(I’ve given FedUpMom, who has written several guest entries in the past, free rein to speak her mind for the next week here on stophomework. Today is her second post. If you’d like that opportunity, too, please email me.)
Guest Post #2
by FedUp Mom
“I suppose there is no place in the world where snobbery is quite so ever-present or where it is cultivated in such refined and subtle forms as in an English public school. Here at least one cannot say that English ‘education’ fails to do its job. You forget your Latin and Greek within a few months of leaving school — I studied Greek for eight or ten years, and now, at thirty-three, I cannot even repeat the Greek alphabet — but your snobbishness, unless you persistently root it out like the bindweed it is, sticks by you till your grave.”
— George Orwell, “The Road to Wigan Pier”
I was in a meeting early this school year to discuss the search for a new Head of School at my kids’ Quaker school. There was one moment that will stay with me for a long time. For some mysterious reason, everyone around the table took turns stating their connections to public schools. “I went to the public schools!” “My mother taught in the public schools!” Finally, one of the PTA-type Moms summed up the discussion by saying: “See, we’re not elitist!” Everyone except me nodded solemnly in agreement.
A friend suggested that I should have said “Twenty thousand bucks a year and we’re not elitist? I’ve been robbed!” and stalked out in a huff. My husband suggested that when everyone was giving their public-school testimony, I should have offered, “I blew up a public school!” As usual, I didn’t think to say either of these at the time, but I have a hunch the whole ritual will be repeated, and maybe I’ll use the suggestions then.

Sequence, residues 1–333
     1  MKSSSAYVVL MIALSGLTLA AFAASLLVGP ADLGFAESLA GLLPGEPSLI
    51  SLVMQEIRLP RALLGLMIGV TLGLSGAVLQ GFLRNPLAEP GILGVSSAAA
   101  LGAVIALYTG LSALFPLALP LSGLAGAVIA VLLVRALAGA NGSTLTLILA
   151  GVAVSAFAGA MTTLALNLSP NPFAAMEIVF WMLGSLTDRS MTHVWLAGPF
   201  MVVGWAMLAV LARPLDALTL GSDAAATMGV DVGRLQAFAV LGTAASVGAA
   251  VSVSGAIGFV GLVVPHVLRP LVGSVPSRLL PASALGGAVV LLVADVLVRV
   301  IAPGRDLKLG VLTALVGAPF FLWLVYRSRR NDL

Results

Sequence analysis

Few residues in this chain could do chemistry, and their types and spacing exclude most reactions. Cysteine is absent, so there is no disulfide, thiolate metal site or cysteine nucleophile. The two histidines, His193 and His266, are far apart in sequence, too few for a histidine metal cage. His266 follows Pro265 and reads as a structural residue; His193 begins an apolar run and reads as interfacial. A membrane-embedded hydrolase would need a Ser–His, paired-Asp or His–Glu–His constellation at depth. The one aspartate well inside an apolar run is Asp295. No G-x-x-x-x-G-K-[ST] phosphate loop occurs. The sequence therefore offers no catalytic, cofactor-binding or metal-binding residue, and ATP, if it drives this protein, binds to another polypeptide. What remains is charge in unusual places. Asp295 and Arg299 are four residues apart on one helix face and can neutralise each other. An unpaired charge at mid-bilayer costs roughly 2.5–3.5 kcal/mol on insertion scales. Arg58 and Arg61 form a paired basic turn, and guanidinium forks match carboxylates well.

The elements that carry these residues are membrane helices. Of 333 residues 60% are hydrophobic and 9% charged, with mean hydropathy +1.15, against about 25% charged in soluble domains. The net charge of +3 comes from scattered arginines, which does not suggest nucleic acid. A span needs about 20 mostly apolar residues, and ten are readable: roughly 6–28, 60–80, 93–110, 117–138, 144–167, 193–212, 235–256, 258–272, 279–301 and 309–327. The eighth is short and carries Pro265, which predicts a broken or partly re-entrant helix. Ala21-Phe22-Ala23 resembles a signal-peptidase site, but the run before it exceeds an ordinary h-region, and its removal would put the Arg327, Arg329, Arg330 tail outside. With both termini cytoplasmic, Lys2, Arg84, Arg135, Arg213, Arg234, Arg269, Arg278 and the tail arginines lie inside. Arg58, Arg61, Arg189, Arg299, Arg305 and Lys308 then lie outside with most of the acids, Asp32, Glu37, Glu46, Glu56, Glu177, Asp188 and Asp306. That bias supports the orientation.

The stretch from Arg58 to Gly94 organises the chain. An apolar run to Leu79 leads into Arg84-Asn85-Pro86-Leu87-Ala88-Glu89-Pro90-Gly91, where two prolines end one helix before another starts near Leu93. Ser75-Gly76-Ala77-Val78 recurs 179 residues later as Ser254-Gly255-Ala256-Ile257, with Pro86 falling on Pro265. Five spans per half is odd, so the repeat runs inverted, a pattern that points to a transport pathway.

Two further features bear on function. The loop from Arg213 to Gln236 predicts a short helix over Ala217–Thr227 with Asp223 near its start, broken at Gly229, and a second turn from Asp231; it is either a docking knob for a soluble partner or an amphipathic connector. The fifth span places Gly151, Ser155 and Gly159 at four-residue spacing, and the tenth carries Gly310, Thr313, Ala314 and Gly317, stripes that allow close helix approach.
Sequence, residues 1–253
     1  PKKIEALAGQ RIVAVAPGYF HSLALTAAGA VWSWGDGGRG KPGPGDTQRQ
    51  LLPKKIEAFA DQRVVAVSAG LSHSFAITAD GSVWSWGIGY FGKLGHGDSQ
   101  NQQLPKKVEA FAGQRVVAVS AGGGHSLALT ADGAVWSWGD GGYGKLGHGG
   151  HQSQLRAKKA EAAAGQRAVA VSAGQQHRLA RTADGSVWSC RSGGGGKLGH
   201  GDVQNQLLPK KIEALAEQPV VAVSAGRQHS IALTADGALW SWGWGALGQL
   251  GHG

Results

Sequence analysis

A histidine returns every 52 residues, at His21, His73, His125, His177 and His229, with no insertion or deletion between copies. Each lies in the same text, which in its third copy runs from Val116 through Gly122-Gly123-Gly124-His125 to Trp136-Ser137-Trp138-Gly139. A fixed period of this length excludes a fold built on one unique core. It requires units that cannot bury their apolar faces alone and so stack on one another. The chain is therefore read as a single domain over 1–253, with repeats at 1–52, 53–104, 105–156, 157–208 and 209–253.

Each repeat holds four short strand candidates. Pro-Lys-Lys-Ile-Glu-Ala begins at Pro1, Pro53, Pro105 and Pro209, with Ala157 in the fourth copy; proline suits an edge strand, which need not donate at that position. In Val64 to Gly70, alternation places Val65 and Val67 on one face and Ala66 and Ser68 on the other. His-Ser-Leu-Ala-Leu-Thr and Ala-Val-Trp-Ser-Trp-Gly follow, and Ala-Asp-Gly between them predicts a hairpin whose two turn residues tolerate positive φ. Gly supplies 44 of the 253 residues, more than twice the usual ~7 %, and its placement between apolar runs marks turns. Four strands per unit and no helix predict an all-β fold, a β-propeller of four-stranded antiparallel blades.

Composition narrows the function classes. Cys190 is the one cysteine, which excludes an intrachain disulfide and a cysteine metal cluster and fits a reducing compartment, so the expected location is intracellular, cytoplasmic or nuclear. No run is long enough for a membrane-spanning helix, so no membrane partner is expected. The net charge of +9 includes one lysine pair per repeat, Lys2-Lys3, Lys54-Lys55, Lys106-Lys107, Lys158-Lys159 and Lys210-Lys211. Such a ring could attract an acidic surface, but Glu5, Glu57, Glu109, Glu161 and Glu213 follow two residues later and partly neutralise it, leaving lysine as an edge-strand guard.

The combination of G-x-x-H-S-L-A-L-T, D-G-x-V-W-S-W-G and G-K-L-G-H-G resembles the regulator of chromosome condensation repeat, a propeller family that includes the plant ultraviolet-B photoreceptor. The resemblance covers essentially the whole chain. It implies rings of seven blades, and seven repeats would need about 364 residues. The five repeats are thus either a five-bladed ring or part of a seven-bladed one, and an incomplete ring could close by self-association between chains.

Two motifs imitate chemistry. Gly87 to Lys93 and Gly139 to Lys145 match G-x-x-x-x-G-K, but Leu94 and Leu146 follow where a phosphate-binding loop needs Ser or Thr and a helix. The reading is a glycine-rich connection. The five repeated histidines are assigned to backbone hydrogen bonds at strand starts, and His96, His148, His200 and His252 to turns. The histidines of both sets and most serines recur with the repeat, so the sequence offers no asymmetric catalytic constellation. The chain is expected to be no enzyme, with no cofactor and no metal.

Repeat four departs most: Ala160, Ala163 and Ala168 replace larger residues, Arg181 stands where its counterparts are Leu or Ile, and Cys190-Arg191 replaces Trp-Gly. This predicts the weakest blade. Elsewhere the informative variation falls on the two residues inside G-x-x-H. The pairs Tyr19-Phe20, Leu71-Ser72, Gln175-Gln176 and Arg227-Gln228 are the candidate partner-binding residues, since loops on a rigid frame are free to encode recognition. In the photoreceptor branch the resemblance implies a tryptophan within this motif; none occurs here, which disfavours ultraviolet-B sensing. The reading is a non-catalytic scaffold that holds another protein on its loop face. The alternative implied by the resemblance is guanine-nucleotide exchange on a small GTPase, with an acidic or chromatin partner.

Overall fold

One of the basic hazards of private school is the snobbery that comes with belonging to an expensive club. The Quakers are not immune: their stated commitment to equality and simplicity just makes their snobbery more convoluted and mind-boggling. (For more, here’s an interesting blog, which, alas, cannot live up to its title: F***Thee: I Was A Teenage Quaker.)
Recently, I asked my daughter how her school day had been and she said, “It’s really annoying how the kids brag about being lifers. They’re going to have a special interview with a lifer for the school paper.” A “lifer” is a child who has been to no other school than this one, usually starting in pre-kindergarten. My daughter is well aware of her second-class status as a newcomer to the school.
Of course, the private schools don’t have a monopoly on snobbery. The public schools have their constant ranking and open discussion of “good” vs. “bad” districts. Within a district, there’s the sorting and grouping of kids into “honors” and “accelerated” and “gifted” programs. Indeed, my daughter’s placement into one of these groups was presumed to be enough to keep me happy (“What are you complaining about? We put her in the winners’ track!”)
School snobbery and its cousins, competition and anxiety, are corrosive to our children’s learning and development. What is the remedy? I welcome your thoughts.